C-Job’s Building Supervision is a made-to-measure service that offers support for vessel construction and shipyard management. Not only for new build projects, it is also relevant for refit and conversion contracts too.
In defining the essence of what Building Supervision is, C-Job Project Manager Hans Stoit describes the service in straightforward terms. “I act as the intermediary contact between the client and the shipyard,” he says. Beyond his clear-cut explanation, however, is a sizeable scope of work.
Taking his current project (the renovation of an arctic icebreaker) as an example, Hans inspects the whole vessel twice a day to check the status of all the works required by the client. “From this, I have an accurate picture of the planning, the progress and the budget situation of the entire project.”
Weekly status updates
With this information at his fingertips, he is in the perfect position to communicate with both the yard and the customer. “I will talk to the yard to determine what extra support they need. This maybe supplementary technical drawings, for example, that our office-based engineers can provide. And we also use project management software to enable subcontractor work efficiency – so that everyone involved can take the right actions at the right time.” In terms of client contact, the way that Building Supervision has been set up means that Hans provides weekly progress reports containing all the relevant information as well as detailed photographs. “The benefit of this is that the client doesn’t necessarily have to visit the yard. They can see directly what is happening from these reports. This is something that we have heard a lot of positive feedback about.”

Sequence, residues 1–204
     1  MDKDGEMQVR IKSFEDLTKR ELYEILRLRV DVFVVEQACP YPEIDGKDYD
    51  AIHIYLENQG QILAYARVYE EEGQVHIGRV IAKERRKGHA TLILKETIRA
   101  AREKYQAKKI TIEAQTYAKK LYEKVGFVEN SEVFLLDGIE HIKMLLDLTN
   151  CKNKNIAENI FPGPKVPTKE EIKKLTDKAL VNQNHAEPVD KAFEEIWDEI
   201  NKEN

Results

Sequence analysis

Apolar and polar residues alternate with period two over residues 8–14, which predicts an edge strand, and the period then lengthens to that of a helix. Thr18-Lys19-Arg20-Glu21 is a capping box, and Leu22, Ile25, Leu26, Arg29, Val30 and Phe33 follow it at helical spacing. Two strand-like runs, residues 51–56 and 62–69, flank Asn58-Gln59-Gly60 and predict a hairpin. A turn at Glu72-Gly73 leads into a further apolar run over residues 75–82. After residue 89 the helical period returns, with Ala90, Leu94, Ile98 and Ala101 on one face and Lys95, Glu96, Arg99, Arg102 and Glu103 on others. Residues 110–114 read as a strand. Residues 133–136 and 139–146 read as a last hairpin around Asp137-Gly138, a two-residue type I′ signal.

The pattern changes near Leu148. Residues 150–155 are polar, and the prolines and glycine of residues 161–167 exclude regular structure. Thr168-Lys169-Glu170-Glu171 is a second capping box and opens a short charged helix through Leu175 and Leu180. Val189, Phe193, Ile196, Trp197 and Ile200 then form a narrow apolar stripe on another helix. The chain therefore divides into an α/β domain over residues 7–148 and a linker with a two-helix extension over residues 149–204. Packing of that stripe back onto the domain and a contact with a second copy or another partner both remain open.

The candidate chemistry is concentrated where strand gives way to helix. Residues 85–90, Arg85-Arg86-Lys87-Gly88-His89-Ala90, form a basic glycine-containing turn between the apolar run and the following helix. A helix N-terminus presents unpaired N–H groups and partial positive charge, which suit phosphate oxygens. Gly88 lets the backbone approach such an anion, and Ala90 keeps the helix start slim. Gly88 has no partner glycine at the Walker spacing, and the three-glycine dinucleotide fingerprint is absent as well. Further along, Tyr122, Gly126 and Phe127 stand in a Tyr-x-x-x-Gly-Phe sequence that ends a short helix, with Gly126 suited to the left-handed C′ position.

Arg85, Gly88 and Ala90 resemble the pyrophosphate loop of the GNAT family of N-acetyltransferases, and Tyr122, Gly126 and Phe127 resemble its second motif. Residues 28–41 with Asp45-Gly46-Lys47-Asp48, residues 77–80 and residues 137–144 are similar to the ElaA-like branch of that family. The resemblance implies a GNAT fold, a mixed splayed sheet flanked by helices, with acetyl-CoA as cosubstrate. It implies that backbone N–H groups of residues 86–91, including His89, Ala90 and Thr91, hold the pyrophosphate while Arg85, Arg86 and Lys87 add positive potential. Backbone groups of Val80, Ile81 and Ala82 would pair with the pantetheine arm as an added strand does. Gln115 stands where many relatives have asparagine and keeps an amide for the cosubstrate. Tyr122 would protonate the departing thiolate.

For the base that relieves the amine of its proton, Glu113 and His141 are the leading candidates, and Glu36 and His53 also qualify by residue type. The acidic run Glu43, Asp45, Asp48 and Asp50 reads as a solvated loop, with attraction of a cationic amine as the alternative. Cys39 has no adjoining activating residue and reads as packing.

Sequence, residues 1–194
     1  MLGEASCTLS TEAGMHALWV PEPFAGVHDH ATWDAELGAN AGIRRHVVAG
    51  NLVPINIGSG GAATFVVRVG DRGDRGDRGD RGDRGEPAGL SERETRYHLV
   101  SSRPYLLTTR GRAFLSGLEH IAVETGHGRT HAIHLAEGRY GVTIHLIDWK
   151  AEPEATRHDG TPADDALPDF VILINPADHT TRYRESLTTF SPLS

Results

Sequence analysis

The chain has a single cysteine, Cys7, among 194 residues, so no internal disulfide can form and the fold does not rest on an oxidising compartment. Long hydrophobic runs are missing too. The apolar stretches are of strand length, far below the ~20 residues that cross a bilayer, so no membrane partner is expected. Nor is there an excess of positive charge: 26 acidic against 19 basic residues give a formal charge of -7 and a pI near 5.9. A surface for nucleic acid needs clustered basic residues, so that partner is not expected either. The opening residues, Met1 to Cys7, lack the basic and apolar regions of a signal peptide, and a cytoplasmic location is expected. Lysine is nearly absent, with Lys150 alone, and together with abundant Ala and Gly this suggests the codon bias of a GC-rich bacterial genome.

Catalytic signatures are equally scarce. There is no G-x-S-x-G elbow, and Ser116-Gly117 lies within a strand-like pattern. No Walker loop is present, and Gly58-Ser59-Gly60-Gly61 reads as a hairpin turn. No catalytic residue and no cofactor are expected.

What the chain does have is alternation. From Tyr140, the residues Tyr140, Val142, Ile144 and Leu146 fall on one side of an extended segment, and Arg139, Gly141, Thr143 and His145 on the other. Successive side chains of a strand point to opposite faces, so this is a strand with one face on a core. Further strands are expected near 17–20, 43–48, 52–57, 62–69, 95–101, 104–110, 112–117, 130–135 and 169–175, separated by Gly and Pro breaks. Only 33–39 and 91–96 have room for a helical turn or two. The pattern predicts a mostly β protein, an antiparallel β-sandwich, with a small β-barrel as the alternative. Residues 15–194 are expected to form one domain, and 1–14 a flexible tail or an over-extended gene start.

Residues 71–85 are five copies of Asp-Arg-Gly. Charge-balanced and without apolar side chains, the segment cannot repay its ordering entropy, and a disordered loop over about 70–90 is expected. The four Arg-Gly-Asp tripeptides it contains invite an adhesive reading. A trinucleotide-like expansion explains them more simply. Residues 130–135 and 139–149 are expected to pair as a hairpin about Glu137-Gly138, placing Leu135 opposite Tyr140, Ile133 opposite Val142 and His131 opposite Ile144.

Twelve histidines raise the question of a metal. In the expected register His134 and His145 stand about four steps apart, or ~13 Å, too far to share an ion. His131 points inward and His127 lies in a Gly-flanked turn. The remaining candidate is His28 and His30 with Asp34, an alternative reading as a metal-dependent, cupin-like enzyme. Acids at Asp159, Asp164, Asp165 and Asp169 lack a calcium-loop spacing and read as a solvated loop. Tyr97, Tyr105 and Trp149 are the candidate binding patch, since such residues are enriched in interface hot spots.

Saving time and money
To guarantee the smooth running of a project, Hans is typically on location five days per week. “Having a consistent single point of contact helps to prevent unnecessary mistakes that can cause unwanted delays and cost increases. It’s important to do things right the first time,” he says. And this is where the significance of well-executed engineering comes in: “This is actually one of the key issues. Everything that you can carry out during the engineering phase, and therefore don’t have to worry about during the production phase, will save the client ten times the budget of what it would cost to complete at a later stage.”
The fact that a naval architects office is involved with the actual hands-on work taking place in a shipyard is rather distinctive. “One of our USPs is that we can provide the whole package; from concept design all the way to vessel delivery. And because we have all the knowledge in-house to achieve this, this means we can act quickly to offer practically-driven engineering solutions to any problems that may arise. From the point of view of a ship owner or shipping company, it is quite unique for a naval architect office to have the capacity for this.”